The results from several large-scale studies indicate that 20- 25% of patients with ALL relapse might achieve remission after immunoadoptive therapy, including DLI, after allogeneic HSCT [3-5]. The current patient received three rounds of CBT before BMT, and BM relapse occurred within 6-8 months of each round. Therefore, we performed haploidentical BMT. Although molecular relapse occurred 2 months later, an immediate DLI achieved molecular remission in the BM, and maintained cytological remission for 21 months. ALL with the t(1;19)/TCF3-PBX1 is reported to have higher incidence for CNS involvement . CNS and j never occurred in this patient. Extramedullary relapse developed 18 months after the DLI, despite continued hematological CR in the BM. Thus, DLI after HSCT prevented BM relapse, but not extramedullary relapse.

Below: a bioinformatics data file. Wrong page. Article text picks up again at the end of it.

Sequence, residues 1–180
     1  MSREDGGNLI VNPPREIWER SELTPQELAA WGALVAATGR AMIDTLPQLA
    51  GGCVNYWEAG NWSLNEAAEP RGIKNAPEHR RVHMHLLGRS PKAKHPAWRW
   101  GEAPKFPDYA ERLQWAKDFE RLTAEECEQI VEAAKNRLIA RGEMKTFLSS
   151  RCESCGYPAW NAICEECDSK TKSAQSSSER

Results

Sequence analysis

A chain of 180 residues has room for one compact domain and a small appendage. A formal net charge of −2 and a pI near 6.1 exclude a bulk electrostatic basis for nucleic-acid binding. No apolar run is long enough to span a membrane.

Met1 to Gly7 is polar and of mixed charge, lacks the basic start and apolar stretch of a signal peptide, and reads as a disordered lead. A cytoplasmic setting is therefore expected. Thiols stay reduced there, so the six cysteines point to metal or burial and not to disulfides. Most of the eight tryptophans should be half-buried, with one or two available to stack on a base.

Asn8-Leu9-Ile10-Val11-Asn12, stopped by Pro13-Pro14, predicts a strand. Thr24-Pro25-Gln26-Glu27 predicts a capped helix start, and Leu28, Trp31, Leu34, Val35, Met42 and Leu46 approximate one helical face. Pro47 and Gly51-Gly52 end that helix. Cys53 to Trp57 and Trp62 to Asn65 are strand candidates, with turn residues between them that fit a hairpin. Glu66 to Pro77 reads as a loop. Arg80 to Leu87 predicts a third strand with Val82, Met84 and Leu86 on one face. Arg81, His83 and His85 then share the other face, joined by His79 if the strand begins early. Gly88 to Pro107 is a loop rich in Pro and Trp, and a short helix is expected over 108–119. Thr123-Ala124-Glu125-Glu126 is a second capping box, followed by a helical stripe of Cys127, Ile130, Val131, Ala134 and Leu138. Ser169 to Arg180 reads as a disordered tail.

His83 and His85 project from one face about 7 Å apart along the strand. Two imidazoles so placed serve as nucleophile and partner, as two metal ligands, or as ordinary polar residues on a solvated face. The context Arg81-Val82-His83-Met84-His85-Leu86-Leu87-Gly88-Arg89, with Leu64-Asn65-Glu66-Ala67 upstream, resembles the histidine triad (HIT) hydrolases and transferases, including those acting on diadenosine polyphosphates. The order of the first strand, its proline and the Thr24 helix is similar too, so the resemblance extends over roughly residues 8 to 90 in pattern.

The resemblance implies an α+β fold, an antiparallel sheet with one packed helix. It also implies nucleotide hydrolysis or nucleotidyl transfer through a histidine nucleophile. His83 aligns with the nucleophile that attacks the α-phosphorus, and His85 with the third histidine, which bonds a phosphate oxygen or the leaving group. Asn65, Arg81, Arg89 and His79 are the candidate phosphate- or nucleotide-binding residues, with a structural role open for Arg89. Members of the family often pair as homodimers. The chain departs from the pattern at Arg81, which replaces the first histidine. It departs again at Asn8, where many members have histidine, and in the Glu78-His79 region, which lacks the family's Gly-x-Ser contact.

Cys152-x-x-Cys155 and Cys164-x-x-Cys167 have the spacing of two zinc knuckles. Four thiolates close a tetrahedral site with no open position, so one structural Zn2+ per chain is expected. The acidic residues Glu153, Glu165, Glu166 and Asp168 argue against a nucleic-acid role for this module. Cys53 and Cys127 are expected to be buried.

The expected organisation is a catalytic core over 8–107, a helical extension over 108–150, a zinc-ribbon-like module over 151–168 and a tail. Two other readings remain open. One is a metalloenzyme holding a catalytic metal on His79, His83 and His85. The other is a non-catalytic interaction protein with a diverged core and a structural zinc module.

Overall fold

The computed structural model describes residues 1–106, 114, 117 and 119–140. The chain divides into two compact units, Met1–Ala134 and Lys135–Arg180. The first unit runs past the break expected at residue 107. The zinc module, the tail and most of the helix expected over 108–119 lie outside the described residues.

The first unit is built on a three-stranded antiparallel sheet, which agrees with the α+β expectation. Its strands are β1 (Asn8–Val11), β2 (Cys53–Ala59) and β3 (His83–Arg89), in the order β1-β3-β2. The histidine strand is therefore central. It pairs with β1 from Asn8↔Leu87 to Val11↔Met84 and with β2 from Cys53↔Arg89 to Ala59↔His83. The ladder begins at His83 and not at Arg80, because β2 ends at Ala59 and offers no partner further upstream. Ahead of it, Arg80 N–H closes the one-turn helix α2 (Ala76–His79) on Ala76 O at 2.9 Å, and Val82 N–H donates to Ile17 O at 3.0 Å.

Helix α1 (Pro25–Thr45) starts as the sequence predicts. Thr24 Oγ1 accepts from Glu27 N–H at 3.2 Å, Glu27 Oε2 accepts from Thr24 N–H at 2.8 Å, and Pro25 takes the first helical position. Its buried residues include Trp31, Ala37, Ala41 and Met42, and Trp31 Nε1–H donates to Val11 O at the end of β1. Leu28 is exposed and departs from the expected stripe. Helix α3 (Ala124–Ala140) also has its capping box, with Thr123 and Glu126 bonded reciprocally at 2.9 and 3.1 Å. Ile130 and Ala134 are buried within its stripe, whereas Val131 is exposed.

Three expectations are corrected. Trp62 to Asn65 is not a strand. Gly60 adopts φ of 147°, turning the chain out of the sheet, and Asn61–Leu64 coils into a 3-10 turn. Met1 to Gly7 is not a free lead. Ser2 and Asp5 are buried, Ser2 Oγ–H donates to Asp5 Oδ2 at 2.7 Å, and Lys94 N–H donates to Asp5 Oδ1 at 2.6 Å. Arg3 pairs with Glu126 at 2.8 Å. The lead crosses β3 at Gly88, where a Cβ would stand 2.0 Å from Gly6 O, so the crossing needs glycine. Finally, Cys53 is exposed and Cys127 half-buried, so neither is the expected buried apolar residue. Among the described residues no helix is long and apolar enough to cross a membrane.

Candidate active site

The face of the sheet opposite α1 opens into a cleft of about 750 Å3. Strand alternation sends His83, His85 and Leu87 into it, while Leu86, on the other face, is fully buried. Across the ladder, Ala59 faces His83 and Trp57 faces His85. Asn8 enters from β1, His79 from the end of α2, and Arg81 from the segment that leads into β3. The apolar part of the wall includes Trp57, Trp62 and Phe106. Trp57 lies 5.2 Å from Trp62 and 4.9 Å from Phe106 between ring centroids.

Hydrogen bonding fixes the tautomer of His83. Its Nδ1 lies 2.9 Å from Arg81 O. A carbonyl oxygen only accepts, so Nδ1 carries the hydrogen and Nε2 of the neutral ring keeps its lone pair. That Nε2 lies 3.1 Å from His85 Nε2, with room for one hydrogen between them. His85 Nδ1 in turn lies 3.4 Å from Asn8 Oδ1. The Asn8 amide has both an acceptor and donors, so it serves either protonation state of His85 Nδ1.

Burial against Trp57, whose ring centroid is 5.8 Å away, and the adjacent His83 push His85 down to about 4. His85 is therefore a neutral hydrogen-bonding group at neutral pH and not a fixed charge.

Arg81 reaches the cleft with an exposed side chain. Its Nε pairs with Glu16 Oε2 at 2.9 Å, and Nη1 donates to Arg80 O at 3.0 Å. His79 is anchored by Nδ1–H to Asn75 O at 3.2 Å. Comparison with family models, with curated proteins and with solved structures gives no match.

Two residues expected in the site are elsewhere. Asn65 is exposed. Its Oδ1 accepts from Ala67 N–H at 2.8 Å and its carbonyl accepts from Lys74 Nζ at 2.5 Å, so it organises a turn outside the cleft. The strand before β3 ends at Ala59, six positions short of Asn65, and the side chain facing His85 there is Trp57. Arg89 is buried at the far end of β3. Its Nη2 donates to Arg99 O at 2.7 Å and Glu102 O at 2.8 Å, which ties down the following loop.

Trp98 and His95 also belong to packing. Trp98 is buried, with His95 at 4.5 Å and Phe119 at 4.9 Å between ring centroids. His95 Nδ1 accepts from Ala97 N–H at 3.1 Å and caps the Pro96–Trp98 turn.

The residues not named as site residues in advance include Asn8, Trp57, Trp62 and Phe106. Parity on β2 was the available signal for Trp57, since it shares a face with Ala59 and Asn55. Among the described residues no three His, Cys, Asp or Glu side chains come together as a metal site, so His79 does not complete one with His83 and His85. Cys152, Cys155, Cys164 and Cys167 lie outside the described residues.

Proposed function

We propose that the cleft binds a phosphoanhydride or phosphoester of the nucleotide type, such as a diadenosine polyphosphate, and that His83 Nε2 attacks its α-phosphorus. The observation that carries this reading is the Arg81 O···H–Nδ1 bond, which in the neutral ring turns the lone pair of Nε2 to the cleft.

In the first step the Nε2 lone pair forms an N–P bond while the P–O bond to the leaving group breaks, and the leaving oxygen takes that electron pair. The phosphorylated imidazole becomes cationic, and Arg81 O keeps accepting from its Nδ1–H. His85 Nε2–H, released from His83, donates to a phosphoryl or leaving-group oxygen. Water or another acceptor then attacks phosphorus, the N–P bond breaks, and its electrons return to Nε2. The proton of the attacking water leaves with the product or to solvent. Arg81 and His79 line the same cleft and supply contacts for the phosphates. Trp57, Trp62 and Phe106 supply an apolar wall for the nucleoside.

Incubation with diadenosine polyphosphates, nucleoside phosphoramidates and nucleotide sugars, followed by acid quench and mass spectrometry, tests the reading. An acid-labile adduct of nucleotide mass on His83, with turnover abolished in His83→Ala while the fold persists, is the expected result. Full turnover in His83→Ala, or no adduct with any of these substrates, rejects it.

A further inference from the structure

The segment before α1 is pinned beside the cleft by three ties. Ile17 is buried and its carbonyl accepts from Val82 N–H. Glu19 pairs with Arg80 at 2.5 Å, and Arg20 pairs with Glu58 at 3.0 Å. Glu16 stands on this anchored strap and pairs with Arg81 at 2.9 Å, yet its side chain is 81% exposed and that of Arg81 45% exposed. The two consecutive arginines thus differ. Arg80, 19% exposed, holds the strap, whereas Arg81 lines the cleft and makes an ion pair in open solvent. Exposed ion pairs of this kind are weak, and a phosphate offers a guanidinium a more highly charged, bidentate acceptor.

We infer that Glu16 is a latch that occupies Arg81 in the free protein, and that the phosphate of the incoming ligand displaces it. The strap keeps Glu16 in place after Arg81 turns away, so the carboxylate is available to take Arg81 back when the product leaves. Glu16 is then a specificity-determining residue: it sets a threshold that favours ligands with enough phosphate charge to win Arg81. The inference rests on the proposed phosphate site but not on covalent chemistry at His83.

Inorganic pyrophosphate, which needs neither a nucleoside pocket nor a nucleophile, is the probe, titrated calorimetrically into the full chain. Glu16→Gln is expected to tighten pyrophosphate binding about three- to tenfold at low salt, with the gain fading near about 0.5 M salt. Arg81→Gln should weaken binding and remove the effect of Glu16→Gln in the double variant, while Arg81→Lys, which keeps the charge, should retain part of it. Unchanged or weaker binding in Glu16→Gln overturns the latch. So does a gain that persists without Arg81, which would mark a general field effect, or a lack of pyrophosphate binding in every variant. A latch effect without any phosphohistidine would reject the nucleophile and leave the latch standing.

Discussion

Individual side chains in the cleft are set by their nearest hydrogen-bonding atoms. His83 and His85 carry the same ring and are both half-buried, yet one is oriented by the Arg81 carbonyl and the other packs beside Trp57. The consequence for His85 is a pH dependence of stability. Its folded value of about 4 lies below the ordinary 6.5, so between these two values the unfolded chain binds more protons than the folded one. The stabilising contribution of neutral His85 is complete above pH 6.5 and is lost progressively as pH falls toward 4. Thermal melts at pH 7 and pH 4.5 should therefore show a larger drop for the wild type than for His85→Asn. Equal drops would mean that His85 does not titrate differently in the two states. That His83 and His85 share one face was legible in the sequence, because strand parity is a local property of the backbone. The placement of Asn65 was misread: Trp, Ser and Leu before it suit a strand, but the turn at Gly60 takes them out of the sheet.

Extramedullary relapse of ALL after allogeneic HSCT occurs in 11% of cases . The CNS and testes are the main sites of extramedullary relapse. These so-called “sanctuary sites” are protected from the effects of systemic chemotherapy by biological blood barriers (in the case of the CNS) or distinct growth conditions (e.g., the lower temperature in the testis). However, an unusual extramedullary involvement of leukemic cells was observed in the current patient. Renal involvement of leukemic cells after HSCT is an uncommon feature of extramedullary relapse in ALL, and only six cases have been reported [7-11]. Pancreatic infiltration by leukemic cells after HSCT is very rare, with only one case reported to date . Concurrent involvement of both organs after HSCT has never been described. Like the sanctuary sites, it is possible that these organs are protected from the various anti-leukemic therapies by some biological effects . Indeed, the kidney tubulo-interstitium is reported to be a site of immune privilege, which is not fully accessible to cytotoxic T lymphocytes . Therefore, the unusual extramedullary relapse observed in our patient might indicate the presence of specific biological features of his leukemic cells to infiltrate into the kidney and pancreas, such as receptors or adhesion molecules, on his leukemic cells that have high affinity for these organs.